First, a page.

Disclaimer: This blog article was written by an AdvancedMD partner. The views and opinions expressed in this article are those of the author(s) and do not necessarily reflect the official policy or position of AdvancedMD.
How long does it take for your office to respond to new patient inquiries? Imagine a medical practice that could reply within 15 minutes, whether questions come via phone call, email, social media or any other channel.
The Spiegel Center, a plastic surgery practice in Boston, does exactly that. Run by husband-and-wife team Jeffrey and Onir Spiegel, the practice has built a worldwide clientele, serving thousands of patients from all 50 states and more than a dozen countries worldwide.
Much of that success is due to the quality and speciality of medicine offered at The Spiegel Center. Dr. Spiegel is an expert in head and neck surgery and a specialist in facial feminization surgery, helping thousands of transgender women make the transition. Dr. Onir, as she is known, is a national expert in facial aesthetics.
But the practice also takes business development seriously, creating an advanced marketing and analytics program to court new patients. Brian Miller, director of operations and business development at the practice, has three full-time and one part-time specialists on his team, and part of their job is real-time response. He says that understanding what patients want and how they go about conducting research is integral to generating new patients.
“They’re researching healthcare providers in the aesthetics field and the plastic surgery field,” Miller said. “So you’re one of maybe five people that they’ve chosen to reach out to. They sat down at a computer or with their phone, and they typed something up to send to you. That means they’re interested right now. And that means that, in 15 minutes, they’re going to find somebody else.”
As he put it, “if you respond right now, you’re going to keep the lead warm. If you wait two days, and they’ve had a chance to talk to one or two or three other providers, now you’re one of many.”
Analytics and Targeted Efforts
The practice also takes an analytic approach to its market, Miller said. “The trick with any practice or any business is understanding the data,” he said. “If you don’t do that, then you can’t make a strategy for your path forward.”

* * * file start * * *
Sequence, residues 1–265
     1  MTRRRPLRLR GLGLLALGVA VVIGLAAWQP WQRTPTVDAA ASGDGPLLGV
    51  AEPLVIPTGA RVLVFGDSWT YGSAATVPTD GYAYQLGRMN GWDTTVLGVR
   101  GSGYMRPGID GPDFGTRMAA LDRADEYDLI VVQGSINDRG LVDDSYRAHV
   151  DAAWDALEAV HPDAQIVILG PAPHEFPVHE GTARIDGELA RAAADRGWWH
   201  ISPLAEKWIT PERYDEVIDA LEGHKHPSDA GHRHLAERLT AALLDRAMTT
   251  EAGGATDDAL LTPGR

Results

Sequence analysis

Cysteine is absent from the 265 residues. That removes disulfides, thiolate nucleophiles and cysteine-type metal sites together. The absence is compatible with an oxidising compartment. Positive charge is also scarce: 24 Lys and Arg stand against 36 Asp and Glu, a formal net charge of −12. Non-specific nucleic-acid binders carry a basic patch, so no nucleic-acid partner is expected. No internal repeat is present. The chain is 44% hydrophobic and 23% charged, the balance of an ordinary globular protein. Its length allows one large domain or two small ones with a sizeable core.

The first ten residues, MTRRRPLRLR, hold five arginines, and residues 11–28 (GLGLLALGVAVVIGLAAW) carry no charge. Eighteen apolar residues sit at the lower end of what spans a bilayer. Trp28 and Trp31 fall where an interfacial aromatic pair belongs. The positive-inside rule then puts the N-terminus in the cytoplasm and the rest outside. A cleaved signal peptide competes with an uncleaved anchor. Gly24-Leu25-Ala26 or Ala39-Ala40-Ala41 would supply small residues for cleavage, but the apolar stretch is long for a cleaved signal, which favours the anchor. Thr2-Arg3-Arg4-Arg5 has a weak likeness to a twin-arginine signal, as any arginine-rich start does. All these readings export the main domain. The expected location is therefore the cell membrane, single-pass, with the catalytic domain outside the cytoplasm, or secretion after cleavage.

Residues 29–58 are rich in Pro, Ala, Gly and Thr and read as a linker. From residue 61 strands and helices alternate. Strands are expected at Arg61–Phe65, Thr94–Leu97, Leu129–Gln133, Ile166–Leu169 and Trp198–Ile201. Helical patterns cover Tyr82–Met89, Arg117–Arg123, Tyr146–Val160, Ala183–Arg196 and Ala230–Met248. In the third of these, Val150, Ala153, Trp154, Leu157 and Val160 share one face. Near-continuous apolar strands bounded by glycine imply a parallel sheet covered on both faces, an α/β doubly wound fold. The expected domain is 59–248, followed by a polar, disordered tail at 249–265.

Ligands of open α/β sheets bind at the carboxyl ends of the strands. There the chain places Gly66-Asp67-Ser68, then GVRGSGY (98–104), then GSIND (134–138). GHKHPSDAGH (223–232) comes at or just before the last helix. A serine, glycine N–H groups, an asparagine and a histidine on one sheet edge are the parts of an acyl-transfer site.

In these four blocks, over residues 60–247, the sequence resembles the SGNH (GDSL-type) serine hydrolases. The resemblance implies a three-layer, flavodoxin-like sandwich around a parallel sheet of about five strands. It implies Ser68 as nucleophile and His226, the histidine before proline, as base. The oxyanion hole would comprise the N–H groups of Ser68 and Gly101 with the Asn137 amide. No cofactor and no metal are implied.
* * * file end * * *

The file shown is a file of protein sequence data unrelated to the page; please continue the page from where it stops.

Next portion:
Miller tracks all the usual information, such as impressions, likes and shares on channels like Facebook, Instagram, YouTube and TikTok. More importantly, he looks at the number of inquiries that come from those channels, the number of consults that result and how much revenue comes from those consults. He then matches that against the activity and spending on those same channels, yielding a full picture.
“My bottom-line goal is double-digit growth, year-over-year,” he said. “I want lots of money coming in the door, and I want to do that based upon audience interest.”
That being the case, Miller’s program is aimed at very specific audiences. In the spring, for example, Miller knows that belly tightening, fat freezing and similar procedures will be popular among 40-something women who want to shape up for summer. The practice will reach out with highly visual content on social channels most likely to reach those women.
“Direct marketing is much more effective than broad marketing,” Miller said. “It’s money better spent. We spend less than other organizations by being more analytical with our data, and doing direct marketing initiatives.”
Thought Leadership and Reviews
While practice gains business via physician referral, it puts more energy into promotion and testimonials from patients.
“This is a much more lucrative scenario, because we are actively going to get business, as opposed to the business being referred,” Miller said. “We are promoting, ‘hey, we do this thing. We do it well. And this patient says we do it well.’ That drives interest in the organization, and people will inquire.”
The practice created an internal system to actively solicit positive reviews, with each sales person assigned weekly and monthly goals. Miller and his team then track how they meet those goals and adjust accordingly.
The practice also benefits from Dr. Spiegel, who is a well-recognized expert in his field. His reputation draws patients worldwide—roughly 70% of patients fly in for procedures—but that did not happen without work. Spiegel is active in his specialty, chairing medical meetings and committees, and serving as Professor and Chief of Facial Plastic and Reconstructive Surgery at Boston University’s medical school. With more than 100 medical publications to date, Spiegel is also active in cutting-edge research, publishes work, and trains young doctors through a highly competitive fellowship at The Spiegel Center.
Spiegel is also active in marketing, appearing in videos for social channels and writing blog posts. When Olympic gold medalist Caitlyn Jenner came out as a transgender woman, Spiegel wrote a series of articles in The Daily Beast explaining the physical transformation and some of the concepts behind gender recognition.
It is all the type of work that builds name recognition. Overall, Miller said that rapid response, an analytical approach and a focus on targeted promotion helps make the most of Spiegel’s reputation. Miller says he’ll take that over fancy platforms when it comes to generating business.
“Before investing in a bunch of tools, make sure your practice is in a good foundational space to do the business,” he said. “And then you probably won’t need the tools.”
There’s a great deal more that practices can do to enhance marketing. To learn more, read Nitra’s guide, How to Market Your Medical Practice.
To learn what the Nitra Visa Business Card can do for your practice, tour our services or call (845) 443-7752 to consult with a Nitra specialist about your needs.